First telecast over the BBC on January 20, 2000, the weekly, 60-minute dramedy At Home with the Braithwaites zeroed in on a fractious family. Upon winning the national lottery, novice millionaire Alison Braithwaite (Amanda Redman) realized that the money would be ill used by her husband, David (Peter Davison), a mean-spirited loan shark and philanderer; by her lesbian college-student daughter, Virginia (Sarah Smart); and by her other daughters, the whiny Sarah (Sarah Churm) and the bizarre Charlotte (Keely Fawcett), who bought the lottery ticket in the first place. Thus, Alison keeps her newfound wealth a secret from her family, preferring instead to invest the money in "good works." The complications that resulted from this decision were plentiful enough to stretch the series' premise across three seasons. It was during season three that At Home with the Braithwaites made its U.S. bow by way of the BBC America satellite service on September 5, 2003. ~ Hal Erickson, Rovi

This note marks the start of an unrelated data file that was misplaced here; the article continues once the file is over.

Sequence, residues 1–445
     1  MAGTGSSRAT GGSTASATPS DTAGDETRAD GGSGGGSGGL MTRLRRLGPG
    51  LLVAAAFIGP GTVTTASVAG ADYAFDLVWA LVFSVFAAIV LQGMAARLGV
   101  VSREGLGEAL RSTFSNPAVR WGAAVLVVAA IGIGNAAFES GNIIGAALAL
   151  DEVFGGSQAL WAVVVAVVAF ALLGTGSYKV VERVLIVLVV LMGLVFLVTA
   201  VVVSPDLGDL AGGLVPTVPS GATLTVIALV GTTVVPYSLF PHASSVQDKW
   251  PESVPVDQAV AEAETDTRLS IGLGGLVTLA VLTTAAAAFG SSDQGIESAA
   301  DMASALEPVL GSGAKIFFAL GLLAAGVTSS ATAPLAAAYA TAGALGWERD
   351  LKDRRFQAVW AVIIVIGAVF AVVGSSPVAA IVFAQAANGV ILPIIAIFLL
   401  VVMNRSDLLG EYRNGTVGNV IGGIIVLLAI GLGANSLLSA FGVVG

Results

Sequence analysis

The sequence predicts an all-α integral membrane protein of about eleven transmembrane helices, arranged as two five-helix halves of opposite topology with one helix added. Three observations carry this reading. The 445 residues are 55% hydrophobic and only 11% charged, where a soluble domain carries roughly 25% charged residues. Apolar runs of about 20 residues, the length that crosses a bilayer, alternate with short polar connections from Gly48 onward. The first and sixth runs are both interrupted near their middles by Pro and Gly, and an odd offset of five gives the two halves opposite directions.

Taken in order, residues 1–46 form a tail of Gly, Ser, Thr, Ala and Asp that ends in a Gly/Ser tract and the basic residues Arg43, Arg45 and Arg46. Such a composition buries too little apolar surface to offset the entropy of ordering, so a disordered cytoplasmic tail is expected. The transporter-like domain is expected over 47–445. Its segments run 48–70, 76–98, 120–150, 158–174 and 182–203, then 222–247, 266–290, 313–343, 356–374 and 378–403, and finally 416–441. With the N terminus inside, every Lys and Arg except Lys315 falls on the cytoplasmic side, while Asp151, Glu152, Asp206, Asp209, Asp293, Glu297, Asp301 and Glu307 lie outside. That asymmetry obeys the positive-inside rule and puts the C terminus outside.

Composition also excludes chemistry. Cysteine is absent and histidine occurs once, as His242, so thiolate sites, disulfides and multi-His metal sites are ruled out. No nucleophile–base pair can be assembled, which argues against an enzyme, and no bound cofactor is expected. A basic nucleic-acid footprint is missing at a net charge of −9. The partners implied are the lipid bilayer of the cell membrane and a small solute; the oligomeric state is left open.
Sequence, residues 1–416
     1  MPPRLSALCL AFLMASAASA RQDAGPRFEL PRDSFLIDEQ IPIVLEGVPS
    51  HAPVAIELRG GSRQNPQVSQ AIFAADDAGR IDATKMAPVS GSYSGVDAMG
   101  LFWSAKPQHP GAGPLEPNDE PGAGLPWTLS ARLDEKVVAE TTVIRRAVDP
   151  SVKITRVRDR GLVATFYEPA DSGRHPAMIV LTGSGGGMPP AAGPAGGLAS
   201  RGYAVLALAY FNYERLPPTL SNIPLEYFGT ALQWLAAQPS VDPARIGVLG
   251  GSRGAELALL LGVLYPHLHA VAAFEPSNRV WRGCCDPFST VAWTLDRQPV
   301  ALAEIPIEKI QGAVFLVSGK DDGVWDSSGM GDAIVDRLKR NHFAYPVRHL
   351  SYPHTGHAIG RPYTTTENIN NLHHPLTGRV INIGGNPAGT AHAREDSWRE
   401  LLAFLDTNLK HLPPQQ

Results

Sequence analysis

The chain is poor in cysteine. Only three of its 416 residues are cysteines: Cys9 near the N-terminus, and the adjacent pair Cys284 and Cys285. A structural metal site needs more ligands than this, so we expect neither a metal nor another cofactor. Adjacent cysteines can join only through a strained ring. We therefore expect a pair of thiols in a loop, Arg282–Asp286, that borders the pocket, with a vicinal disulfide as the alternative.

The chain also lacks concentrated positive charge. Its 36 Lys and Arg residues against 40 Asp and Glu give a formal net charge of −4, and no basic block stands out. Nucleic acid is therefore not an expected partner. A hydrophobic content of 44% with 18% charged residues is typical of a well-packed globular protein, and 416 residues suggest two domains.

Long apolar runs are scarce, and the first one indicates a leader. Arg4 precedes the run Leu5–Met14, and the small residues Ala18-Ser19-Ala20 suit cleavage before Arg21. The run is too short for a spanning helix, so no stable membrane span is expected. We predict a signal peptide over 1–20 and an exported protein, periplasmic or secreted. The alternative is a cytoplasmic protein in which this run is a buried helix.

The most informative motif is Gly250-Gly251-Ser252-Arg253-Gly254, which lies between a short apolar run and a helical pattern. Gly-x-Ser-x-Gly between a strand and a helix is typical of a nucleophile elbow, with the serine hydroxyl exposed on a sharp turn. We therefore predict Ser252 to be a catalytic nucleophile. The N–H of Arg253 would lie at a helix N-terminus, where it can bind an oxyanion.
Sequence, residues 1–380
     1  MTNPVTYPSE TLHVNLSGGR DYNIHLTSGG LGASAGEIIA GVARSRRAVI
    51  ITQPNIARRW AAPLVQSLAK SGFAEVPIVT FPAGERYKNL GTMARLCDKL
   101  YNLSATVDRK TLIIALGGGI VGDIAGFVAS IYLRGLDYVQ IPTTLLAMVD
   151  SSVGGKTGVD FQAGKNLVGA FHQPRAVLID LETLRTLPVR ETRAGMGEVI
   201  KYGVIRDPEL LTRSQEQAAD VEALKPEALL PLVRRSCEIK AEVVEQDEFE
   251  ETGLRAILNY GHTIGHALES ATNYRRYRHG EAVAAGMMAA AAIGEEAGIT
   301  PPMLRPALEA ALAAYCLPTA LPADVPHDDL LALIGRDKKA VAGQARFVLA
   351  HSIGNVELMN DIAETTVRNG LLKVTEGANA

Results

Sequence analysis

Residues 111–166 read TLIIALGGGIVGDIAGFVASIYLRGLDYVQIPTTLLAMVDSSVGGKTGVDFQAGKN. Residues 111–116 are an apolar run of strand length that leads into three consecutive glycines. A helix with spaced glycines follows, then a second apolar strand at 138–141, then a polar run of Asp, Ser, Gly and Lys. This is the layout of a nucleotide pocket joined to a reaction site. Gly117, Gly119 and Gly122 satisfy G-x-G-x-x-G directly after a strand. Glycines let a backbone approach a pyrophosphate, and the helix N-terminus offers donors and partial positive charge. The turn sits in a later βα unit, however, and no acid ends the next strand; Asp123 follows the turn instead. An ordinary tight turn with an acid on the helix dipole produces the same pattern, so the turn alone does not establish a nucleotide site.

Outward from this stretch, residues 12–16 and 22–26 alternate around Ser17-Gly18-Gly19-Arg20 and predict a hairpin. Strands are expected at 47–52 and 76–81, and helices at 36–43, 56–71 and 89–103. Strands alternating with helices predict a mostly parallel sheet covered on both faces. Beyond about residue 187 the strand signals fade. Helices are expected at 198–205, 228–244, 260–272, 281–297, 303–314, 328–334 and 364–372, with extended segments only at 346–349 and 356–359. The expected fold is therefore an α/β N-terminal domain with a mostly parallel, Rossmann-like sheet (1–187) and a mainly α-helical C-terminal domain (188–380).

Folks, it's just not that good. I love British comedies, but this doesn't deserve ranking amongst them. (One star given because the actors are capable.)
The characters are all flawed beyond normal human standards, and perhaps that's meant to be humorous. I felt constantly on-edge because the plot rolls from one family member to another creating uncomfortable moments to be endured. I didn't find it laughable.